Descriptions of ideal legal department help less than a focus on what actually happens

Amartya Sen, Nobel Laureate in Economics, explains in The Idea of Justice (Harvard Univ. 2009) at 6-7 et seq., the difference between what he calls “transcendental institutionalism” and “realization-focused comparison.” Fancy words from a philosopher, but they boil down to the difference between describing ideal justice (or any aspect of the world) and the actual availability and manifestations of justice.

As Sen quips elsewhere, all summaries are acts of barbarism, so pardon me but my meager summary of this dense idea comes to this. Much writing about law department management falls into Sen’s first category, grand statements of ideals: development of the full person, stewardship of corporate funds, deployment of knowledge, delegation of work, management of law firms, alignment with clients, investment in technology, and other chimera of general counsel. They are less descriptions than dreams, less what actually goes on in the trenches than what generals imagine as they move pieces on maps.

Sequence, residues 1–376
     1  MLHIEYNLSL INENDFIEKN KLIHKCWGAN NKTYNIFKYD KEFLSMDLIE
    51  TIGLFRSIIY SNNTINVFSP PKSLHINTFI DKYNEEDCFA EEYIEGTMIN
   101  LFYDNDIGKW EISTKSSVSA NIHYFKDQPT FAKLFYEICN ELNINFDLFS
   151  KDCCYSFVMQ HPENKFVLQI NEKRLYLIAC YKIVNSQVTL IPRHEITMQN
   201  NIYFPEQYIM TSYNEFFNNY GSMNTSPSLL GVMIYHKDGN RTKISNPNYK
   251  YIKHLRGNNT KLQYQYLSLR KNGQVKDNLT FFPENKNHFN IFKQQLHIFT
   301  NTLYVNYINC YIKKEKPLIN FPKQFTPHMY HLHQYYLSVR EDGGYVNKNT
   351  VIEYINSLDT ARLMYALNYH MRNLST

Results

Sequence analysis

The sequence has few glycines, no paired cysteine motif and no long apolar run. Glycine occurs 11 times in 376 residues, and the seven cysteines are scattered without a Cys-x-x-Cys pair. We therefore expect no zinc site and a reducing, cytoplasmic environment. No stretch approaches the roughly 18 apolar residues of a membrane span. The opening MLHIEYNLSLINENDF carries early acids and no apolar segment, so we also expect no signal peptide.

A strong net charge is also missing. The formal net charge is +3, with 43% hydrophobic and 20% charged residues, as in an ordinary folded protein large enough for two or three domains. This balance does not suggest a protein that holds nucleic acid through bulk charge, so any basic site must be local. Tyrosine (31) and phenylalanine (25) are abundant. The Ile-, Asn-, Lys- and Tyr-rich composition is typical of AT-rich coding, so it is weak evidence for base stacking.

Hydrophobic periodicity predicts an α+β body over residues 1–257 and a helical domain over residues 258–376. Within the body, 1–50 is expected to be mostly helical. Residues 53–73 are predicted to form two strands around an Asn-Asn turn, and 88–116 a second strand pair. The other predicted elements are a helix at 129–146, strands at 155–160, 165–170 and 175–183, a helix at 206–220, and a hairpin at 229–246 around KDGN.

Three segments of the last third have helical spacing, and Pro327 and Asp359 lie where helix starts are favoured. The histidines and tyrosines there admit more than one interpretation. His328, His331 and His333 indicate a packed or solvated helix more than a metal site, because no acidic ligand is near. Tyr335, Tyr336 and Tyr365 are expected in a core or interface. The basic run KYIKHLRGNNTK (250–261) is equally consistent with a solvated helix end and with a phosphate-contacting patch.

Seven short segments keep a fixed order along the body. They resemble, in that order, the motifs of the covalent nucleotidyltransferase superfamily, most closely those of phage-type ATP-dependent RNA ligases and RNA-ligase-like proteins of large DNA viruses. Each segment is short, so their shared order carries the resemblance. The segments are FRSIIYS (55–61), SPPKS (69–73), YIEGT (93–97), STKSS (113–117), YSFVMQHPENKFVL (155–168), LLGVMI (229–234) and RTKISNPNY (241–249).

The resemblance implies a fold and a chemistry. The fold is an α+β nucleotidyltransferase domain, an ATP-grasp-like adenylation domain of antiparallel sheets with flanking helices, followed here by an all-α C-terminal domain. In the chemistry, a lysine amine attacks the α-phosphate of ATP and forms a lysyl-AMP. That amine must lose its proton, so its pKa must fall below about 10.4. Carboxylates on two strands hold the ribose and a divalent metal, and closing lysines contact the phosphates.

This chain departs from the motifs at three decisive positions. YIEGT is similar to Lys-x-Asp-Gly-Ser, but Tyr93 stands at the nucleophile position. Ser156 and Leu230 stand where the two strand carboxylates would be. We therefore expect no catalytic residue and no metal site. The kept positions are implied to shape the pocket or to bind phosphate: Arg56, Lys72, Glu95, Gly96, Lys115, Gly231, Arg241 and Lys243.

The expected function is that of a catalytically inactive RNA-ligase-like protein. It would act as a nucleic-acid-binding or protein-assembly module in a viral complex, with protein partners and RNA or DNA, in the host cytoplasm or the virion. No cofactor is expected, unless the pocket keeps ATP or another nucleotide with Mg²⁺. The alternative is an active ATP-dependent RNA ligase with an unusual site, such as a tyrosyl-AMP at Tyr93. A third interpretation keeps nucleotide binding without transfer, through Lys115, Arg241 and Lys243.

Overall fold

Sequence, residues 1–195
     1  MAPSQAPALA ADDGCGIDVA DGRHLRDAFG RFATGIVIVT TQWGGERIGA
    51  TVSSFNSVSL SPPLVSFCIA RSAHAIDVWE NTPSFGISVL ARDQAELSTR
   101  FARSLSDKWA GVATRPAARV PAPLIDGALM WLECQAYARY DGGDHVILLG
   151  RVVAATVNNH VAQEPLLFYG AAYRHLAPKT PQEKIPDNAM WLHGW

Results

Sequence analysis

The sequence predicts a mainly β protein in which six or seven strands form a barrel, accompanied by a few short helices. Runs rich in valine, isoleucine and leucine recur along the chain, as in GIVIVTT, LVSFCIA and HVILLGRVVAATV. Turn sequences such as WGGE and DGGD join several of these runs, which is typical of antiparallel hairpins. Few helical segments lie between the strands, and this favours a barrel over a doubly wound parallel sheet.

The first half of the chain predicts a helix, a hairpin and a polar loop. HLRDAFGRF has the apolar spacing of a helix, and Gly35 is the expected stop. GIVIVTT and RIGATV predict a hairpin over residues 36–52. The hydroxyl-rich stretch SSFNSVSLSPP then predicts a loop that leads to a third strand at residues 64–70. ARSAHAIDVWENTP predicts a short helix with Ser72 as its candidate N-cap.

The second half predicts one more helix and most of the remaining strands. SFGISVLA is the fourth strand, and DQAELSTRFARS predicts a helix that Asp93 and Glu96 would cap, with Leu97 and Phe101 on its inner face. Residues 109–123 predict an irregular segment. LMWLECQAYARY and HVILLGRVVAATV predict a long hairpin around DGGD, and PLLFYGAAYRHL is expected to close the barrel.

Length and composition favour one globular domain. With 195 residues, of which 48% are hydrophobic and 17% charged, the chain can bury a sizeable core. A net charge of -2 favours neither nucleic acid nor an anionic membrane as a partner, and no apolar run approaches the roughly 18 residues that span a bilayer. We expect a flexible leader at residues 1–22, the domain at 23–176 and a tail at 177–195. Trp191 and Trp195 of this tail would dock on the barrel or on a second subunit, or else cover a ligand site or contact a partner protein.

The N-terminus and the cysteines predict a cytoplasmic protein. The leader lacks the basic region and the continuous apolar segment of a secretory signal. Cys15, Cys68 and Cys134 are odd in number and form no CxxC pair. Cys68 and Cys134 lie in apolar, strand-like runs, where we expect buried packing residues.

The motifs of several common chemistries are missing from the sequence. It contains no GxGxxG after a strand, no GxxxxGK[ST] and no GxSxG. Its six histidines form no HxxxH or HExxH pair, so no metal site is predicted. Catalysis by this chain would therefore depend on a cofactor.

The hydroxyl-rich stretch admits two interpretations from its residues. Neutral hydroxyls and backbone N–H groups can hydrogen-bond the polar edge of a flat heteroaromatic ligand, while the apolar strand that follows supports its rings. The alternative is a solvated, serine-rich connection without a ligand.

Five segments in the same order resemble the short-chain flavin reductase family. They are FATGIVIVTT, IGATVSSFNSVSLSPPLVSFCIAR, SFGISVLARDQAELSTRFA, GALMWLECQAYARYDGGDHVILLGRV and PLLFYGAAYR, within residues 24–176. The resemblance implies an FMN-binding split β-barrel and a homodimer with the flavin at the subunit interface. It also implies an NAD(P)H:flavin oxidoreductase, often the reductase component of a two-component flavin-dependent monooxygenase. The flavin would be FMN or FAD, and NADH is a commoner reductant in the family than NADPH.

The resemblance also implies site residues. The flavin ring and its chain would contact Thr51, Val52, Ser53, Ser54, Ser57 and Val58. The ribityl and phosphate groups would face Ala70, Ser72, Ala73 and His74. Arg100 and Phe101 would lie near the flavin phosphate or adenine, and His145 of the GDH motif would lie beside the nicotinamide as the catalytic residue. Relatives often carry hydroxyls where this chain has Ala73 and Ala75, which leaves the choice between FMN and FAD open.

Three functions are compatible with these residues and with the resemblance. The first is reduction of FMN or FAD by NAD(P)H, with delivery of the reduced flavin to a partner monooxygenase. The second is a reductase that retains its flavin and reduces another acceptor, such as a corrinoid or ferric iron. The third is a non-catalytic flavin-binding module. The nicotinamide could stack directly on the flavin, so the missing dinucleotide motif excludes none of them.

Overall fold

Instead, favor Sen’s framework, which looks at actual decisions, pragmatic management tools, feasible achievements, and the nitty-gritty of what in fact takes place. We should study changes over time, such as how Sen investigates how justice is made more widely available, rather than some heavenly end-state of perfect law department management. It is easy to extol the unattainable; it is hard to stand on the ground and deal with the modest but achievable.

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